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TOTAL REVENUE, MONOPOLY: The revenue received by a monopoly firm for the sale of its output. Total revenue is one of two parts a monopoly needs for the calculation of economic profit, the other is total cost. In general, total revenue is the price received for selling a good times the quantity of the good sold at that price. Because a monopoly completely controls its market and faces a negatively-sloped demand curve, it charges a different price for a given quantity. If a monopoly sells a relatively small quantity, it charges a relatively high price. If it sells a relatively smaller quantity, it charges a relatively lower price. However, once the monopoly determines its' price/quantity combination, total revenue calculation is relatively straightforward, multiply the price times the quantity.

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AD: The abbreviation for aggregate demand, which is the total (or aggregate) real expenditures on final goods and services produced in the domestic economy that buyers would willing and able to make at different price levels, during a given time period (usually a year). Aggregate demand (AD) is one half of the aggregate market analysis; the other half is aggregate supply. Aggregate demand, relates the economy's price level, measured by the GDP price deflator, and aggregate expenditures on domestic production, measured by real gross domestic product. The aggregate expenditures are consumption, investment, government purchases, and net exports made by the four macroeconomic sectors (household, business, government, and foreign).

     See also | economy | aggregate expenditures | domestic | aggregate market analysis | price level | real production | aggregate supply | GDP price deflator | gross domestic product | real gross domestic product | consumption expenditures | investment expenditures | government purchases | net exports | household sector | business sector | government sector | foreign sector | market demand | interest-rate effect | real-balance effect | net-export effect | income effect | substitution effect |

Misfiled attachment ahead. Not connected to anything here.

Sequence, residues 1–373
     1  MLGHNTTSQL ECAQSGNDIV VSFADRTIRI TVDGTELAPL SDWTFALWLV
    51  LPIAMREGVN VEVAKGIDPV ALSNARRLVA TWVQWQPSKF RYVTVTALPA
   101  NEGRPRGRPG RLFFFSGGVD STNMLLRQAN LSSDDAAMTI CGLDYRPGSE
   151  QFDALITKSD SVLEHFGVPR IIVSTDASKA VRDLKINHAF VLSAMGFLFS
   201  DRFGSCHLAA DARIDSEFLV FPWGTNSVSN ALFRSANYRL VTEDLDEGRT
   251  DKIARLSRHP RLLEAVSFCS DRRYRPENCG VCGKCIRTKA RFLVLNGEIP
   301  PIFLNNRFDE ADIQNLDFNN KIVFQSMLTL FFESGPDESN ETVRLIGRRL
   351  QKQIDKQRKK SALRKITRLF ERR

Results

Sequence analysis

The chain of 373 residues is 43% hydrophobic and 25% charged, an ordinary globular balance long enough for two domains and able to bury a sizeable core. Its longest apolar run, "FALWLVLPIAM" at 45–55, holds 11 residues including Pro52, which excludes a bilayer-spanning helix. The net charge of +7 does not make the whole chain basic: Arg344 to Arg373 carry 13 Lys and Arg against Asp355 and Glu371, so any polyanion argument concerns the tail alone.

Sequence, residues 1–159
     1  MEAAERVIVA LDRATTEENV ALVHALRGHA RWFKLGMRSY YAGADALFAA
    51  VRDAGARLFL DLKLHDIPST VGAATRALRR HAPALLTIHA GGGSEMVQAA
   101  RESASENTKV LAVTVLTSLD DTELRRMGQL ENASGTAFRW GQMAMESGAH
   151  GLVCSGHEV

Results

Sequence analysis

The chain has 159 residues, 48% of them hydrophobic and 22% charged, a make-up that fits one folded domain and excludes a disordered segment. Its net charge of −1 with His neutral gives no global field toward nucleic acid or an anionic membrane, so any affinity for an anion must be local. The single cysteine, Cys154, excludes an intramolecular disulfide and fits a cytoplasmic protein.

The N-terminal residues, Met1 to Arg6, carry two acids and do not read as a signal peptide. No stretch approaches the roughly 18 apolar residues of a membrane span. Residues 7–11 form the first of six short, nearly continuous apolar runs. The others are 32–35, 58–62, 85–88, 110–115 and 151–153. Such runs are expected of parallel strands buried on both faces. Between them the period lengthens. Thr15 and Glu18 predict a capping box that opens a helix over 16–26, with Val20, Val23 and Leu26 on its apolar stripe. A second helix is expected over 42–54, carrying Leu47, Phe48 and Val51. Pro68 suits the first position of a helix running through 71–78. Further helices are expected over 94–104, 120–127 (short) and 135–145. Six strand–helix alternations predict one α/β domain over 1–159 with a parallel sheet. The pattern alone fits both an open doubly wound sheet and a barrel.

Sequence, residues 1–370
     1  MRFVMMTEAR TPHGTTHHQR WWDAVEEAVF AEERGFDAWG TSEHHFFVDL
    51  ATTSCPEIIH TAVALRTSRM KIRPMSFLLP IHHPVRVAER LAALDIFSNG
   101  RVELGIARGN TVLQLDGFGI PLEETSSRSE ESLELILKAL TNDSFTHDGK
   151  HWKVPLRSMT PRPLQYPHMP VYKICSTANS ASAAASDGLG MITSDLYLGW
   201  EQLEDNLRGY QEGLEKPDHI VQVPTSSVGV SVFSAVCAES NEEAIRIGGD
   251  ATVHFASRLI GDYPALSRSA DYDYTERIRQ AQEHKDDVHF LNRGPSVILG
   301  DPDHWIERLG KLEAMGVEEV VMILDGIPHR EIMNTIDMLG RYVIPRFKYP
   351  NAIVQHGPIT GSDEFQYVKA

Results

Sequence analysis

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LONG-RUN TOTAL COST

The opportunity cost incurred by all of the factors of production used in the long run (when all inputs are variable) by a firm to produce a good or service, including wages paid to labor, rent paid for the land, interest paid to capital owners, and a normal profit earned by entrepreneurs. Unlike short-run total cost, long-run total cost cannot be separated into fixed cost and variable cost. In the long run, all inputs are variable, so all cost is variable.

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Today, you are likely to spend a great deal of time calling an endless list of 800 numbers wanting to buy either a lazy Susan for you dining room table or a set of serrated steak knives, with durable plastic handles. Be on the lookout for letters from the Internal Revenue Service.
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The first paper currency used in North America was pasteboard playing cards "temporarily" authorized as money by the colonial governor of French Canada, awaiting "real money" from France.
"If things are not going well with you, begin your effort at correcting the situation by carefully examining the service you are rendering, and especially the spirit in which you are rendering it."

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